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Handle auth_type=password when the stored password is md5 #129

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@hashbrowncipher
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hashbrowncipher commented Apr 18, 2016

When used in the typical way (by querying pg_shadow), auth_query or userlist
generation will return md5 hashed passwords. Under such a situation, we should
still allow clients to authenticate with unhashed passwords. We should also
correctly handle the situation where we have an md5 hashed password, but the
server is expecting a plaintext one. We do this by caching passwords that we
have determined match the expected hash. We can then send those passwords
upstream to a server.

When used in the typical way (by querying pg_shadow), auth_query or userlist
generation will return md5 hashed passwords. Under such a situation, we should
still allow clients to authenticate with unhashed passwords. We should also
correctly handle the situation where we have an md5 hashed password, but the
server is expecting a plaintext one. We do this by caching passwords that we
have determined match the expected hash. We can then send those passwords
upstream to a server.
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PJMODOS commented May 31, 2016

I like the first part of this, but I don't like the caching of plaintext passwords, that's potential security hole.

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hashbrowncipher commented May 31, 2016

I should clarify that the functionality enabled by this change is better than the equivalent functionality with md5 authentication.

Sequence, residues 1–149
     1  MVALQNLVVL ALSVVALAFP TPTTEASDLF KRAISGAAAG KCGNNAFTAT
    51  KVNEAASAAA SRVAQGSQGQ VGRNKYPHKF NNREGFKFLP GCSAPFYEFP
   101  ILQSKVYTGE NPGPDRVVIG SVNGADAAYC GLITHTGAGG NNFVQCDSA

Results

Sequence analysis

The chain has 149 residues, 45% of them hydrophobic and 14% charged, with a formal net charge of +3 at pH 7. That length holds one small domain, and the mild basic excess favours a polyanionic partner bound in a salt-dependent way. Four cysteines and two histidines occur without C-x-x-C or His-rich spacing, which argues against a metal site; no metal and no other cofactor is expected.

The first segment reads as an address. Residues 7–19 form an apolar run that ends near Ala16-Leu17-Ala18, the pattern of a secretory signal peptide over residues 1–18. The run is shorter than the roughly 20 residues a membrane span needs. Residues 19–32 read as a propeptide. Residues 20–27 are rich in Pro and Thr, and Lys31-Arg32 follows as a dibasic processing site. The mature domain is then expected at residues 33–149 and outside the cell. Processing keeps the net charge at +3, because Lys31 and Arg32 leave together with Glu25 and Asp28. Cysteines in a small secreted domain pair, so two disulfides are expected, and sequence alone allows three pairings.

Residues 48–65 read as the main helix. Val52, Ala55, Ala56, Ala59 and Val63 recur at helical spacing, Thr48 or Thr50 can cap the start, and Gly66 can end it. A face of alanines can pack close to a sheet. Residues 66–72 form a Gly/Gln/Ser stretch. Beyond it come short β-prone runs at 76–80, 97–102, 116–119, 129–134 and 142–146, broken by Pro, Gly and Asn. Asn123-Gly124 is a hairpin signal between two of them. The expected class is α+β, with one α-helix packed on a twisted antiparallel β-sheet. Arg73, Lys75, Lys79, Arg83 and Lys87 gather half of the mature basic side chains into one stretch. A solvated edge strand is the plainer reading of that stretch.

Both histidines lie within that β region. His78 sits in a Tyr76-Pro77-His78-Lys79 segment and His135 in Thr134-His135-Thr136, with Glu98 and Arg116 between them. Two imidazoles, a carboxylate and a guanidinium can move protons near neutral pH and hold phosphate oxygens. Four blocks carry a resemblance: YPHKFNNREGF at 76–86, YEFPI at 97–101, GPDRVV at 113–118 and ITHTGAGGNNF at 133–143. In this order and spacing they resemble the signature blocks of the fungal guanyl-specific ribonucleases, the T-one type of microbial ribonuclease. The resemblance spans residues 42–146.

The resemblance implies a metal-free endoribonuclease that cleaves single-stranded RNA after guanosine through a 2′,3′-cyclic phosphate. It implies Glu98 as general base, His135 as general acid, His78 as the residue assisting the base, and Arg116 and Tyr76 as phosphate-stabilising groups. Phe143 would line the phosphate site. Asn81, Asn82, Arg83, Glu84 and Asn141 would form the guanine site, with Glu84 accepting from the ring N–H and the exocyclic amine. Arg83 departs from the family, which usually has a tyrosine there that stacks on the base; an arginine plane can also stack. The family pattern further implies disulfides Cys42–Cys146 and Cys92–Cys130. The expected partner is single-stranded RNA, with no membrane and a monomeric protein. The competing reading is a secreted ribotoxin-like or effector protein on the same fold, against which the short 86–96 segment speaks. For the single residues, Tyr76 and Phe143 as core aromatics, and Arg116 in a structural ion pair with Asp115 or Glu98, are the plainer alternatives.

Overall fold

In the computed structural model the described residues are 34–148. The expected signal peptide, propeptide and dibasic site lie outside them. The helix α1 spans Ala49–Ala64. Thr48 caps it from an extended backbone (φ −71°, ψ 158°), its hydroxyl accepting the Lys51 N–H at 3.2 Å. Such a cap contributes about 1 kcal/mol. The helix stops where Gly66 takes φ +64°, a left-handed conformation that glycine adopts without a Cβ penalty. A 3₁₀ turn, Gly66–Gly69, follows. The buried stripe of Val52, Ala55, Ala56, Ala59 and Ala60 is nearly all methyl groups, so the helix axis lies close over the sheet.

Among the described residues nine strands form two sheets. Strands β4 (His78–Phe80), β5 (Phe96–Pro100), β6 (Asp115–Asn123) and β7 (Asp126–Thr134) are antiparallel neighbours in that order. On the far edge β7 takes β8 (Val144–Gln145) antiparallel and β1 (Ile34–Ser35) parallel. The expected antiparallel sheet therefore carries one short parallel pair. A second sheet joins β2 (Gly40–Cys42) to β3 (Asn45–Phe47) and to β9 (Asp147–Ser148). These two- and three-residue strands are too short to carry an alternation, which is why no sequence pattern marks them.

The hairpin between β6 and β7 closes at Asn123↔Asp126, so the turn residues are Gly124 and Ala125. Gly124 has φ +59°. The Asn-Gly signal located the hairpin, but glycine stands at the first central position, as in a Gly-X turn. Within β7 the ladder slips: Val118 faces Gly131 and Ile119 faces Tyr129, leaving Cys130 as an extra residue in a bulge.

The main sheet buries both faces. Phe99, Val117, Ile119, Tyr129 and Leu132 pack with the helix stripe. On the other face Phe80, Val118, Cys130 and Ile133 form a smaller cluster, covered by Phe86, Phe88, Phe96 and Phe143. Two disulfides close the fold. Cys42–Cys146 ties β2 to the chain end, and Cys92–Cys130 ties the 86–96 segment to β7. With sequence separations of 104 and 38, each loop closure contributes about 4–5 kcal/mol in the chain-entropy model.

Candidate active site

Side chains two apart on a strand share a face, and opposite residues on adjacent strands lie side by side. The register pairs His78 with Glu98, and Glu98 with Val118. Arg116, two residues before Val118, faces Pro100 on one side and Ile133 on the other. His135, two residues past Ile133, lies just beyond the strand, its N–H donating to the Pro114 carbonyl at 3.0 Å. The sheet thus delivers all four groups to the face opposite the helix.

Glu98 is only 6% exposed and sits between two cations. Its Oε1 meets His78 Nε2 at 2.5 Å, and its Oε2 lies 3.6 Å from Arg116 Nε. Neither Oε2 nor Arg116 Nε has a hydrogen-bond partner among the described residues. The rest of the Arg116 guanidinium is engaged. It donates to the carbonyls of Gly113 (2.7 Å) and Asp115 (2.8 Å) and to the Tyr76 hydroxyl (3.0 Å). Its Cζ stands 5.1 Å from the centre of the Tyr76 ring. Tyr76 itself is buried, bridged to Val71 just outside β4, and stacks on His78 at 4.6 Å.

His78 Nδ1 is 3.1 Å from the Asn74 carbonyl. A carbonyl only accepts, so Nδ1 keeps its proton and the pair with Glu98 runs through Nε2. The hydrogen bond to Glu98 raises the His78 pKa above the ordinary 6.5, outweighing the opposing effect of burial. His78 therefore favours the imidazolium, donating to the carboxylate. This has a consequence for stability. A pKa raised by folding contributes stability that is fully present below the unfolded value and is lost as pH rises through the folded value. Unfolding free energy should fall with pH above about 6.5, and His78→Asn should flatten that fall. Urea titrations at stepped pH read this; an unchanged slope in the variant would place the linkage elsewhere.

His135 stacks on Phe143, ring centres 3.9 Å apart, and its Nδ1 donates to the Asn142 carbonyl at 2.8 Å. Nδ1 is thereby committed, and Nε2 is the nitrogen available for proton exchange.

With md5 authentication enabled on the server, a prospective client needs only the md5 hashed password in order to authenticate: they do not need the original password. This is a known issue with Postgresql authentication. In effect, with md5 authentication enabled, the user's hashed password is useful equally to their unhashed password. So the md5 authentication handshake provides no value in terms of securing the password on disk, but it does obfuscate the password by re-hashing it with a 4-byte nonce before sending it over the wire. This is vulnerable to an attacker which can build a dictionary of authentication attempts, so it's only marginally valuable as a security measure against a very casual attacker.

For users like myself who force Postgres connections over TLS, the additional obfuscation provides no value at all, and accepting md5'ed passwords provides negative value. I therefore disable md5 authentication entirely in pg_hba.conf, which restores the value of the md5 hashing algorithm [1].

My understanding of pgbouncer's architecture is that it relies upon holding a cached copy of whatever credential is necessary in order to connect to Postgres. Without this PR it caches md5 hashed passwords (which are useful on their own to log in). With this PR it can also cache plaintext passwords. This is a security improvement: previously pgbouncer administrators would have to put useful authentication material (i.e. md5 hashes) into userlist.txt or provide it via auth_query. By disabling Postgres's "pass-the-hash" misfeature, the hashes provided by userlist.txt and auth_query become unuseful: instead a real plaintext password must be supplied by the user in order to log in the first time.

[1] Note that it doesn't provide key stretching, so high security (128 bit or higher) passwords are still important.

@petere petere closed this in 50b89eb Aug 3, 2019
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petere commented Aug 3, 2019

The first part of this has been committed, as this is how the PostgreSQL server also works.

The second part (caching of passwords) was disputed. There is probably value in it, but it would need to be done consistently across also password-based authentication methods. Also, it's not strictly needed, since PgBouncer can also use the md5-encrypted password to authenticate to a backend server. With SCRAM support looming, it's not clear how to handle all this, so this would need some deeper thought.

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